her geography and her history. Our history and our links with the West make a unique
contribution to the region. The recent advances we have made in our relationships
with Japan, China, Indonesia and the United States demonstrate this, as do visits to
Australia in the past six months by President Clinton, Mr Hashimoto, Chancellor Kohl
and shortly the Chinese Vice Premier, Zhu Rongji.

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Australia can be immensely confident about its place in our region. We bring many
strengths to bear. Australia has economically, politically and strategically an
important role to play. We are a stable democracy. We are located near a major
source of the world's great economic growth. The size of our economy, our vast
resources, and our technological capabilities make us a very attractive economic
partner. Our high levels of education and our innovativeness give us the capacity to
use our assets effectively.
We do not bring to our association with the region any of the colonial baggage of
others. We enjoy the security inherent in being an island continent and from having an
effective defence force. Our stability, alliances and defence links with our neighbours
contribute to our region's stability. Our credibility makes us an effective actor in
international forums. Our cultural and ethnic diversity gives us a great opportunity to
consolidate our personal ties with the countries of our region and the building blocks
years ago of such great innovations as the Colombo Plan have meant that the network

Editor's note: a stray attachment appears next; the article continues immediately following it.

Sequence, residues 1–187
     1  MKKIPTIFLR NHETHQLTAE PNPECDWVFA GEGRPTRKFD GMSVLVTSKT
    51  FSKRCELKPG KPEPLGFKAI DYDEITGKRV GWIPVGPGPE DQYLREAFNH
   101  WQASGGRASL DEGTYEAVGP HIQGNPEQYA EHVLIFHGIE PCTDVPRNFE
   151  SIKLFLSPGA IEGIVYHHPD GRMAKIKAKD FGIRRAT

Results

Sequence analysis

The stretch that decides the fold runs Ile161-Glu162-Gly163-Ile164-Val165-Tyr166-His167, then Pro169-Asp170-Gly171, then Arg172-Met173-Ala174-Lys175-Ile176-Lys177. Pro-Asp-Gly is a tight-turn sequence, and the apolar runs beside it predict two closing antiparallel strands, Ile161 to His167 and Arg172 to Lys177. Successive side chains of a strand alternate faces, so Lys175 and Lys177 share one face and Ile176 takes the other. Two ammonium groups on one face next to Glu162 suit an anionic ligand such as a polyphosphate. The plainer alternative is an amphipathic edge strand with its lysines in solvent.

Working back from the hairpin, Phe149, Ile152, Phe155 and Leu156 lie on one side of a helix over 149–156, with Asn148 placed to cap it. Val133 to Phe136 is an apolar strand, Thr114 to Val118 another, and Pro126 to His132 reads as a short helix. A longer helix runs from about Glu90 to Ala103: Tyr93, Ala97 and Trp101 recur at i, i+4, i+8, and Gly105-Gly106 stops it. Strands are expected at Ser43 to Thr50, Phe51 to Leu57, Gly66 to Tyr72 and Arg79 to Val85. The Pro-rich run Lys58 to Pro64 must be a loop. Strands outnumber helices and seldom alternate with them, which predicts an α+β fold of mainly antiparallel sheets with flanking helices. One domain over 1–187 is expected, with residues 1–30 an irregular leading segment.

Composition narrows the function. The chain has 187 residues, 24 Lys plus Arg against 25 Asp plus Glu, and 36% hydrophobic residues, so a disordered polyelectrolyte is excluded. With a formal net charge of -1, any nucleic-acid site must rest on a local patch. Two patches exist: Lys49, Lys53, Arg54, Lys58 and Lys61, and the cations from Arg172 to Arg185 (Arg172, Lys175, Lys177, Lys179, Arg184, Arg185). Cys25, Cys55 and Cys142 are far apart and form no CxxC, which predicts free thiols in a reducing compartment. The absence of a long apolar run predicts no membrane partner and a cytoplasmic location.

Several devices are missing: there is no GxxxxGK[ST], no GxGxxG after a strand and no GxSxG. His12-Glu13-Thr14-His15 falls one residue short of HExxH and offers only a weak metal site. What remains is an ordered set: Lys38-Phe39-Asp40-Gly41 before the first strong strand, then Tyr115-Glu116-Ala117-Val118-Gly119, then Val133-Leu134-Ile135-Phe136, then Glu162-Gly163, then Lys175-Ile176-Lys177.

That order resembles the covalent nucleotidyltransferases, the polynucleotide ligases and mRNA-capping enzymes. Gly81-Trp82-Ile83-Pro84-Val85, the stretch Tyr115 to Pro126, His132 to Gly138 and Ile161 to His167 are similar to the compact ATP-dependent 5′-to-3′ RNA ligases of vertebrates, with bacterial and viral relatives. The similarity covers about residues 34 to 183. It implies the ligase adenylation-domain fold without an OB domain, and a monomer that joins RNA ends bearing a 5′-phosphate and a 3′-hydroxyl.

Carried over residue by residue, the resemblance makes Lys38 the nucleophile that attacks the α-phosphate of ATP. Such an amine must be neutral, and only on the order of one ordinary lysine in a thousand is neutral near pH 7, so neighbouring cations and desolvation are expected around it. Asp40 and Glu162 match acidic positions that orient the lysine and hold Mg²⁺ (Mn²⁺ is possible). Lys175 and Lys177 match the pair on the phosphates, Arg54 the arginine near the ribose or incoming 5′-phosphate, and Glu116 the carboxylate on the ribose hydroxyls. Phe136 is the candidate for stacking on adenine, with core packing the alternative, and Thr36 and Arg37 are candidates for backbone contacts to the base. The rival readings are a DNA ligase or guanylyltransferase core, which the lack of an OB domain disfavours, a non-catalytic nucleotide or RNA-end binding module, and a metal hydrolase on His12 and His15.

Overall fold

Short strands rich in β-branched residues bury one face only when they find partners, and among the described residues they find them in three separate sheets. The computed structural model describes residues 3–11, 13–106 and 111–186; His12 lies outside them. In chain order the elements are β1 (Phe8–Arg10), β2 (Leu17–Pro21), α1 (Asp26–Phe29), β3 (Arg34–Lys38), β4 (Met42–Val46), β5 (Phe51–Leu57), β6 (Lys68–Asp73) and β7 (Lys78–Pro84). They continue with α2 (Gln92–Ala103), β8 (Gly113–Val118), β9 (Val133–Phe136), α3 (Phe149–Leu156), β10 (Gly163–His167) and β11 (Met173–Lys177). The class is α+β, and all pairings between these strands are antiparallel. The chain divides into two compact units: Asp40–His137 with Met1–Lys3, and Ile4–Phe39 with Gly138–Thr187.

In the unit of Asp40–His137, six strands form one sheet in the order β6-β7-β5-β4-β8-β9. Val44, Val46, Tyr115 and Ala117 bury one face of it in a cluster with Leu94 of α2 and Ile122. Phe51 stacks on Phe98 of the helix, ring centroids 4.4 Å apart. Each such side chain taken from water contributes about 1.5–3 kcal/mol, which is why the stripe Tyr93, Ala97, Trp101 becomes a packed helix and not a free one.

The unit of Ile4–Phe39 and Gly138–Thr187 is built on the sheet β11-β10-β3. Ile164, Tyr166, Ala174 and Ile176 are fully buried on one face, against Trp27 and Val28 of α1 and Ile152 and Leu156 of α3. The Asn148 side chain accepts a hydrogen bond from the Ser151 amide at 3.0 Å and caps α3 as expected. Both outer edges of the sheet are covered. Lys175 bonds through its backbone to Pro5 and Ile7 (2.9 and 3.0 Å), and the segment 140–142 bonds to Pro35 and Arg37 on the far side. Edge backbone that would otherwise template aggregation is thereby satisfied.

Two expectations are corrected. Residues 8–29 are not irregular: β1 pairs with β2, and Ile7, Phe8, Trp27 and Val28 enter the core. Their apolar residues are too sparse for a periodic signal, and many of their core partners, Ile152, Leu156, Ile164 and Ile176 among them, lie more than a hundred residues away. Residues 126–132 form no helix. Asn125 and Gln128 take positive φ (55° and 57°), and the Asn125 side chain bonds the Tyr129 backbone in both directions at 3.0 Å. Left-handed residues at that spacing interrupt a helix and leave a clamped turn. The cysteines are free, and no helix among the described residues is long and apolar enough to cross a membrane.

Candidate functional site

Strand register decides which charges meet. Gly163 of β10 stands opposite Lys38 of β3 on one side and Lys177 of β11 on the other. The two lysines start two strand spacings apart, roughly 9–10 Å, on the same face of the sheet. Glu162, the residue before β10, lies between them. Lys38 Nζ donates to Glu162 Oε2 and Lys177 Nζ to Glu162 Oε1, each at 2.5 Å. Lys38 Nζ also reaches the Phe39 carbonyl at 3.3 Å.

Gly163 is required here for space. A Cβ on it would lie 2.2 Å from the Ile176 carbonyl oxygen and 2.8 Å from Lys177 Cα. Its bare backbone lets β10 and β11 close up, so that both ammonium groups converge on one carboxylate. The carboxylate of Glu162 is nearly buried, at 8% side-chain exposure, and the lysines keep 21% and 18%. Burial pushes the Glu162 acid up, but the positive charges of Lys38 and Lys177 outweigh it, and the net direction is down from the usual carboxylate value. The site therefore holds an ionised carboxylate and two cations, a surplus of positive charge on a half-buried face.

of personal associations between this country and the nations of the region are vast and
deep and I was reminded of this in a very personal way when I attended a gathering of
the Alumni of Australian Universities during my recent visit to Singapore and to spend
an hour amongst literally hundreds of Singaporeans who had been educated at
Australian universities brought home to me both the longevity of the Association and
its intensely personal character and it was an object lesson, an object reminder to me
that the greatest, the most enduring and the most effective bonds between any nations
are those that are built on people to people contacts and no number of trade missions,
no number of Prime Ministerial visits can ever equal the value of the experiences, the
very positive experiences of those thousands of people when being educated in
Australia, the contribution and the value of that experience to building friendships
between our two nations.
Ladies and gentlemen, as we go into the next century. my Government is committed to
using these strengths to build on a long history of honourable participation by Australia
in our region. I congratulate those who have formed the centre. I thank the Asia
Society of the United States for its interest and its activity and I very genuinely thank
the businesses of Australia who have contributed so magnificently to make the
foundation of this centre a reality. It is an important mission. There is no geographic
linkage more important to the future of Australia than our linkage with the nations of
the Asia Pacific region. We are forever part of this part of the world. It is forever the
destiny of Australia to see her future bound up with the aspirations of the hundreds of
millions of people of the region and all of the energies and all of our policies must
always be directed towards ensuring in the national interest that those links are open
and fuilsome and generous and directed towards the maximisation of the benefits that
we can all derive from that very important association.
Thank you.

Transcript 10335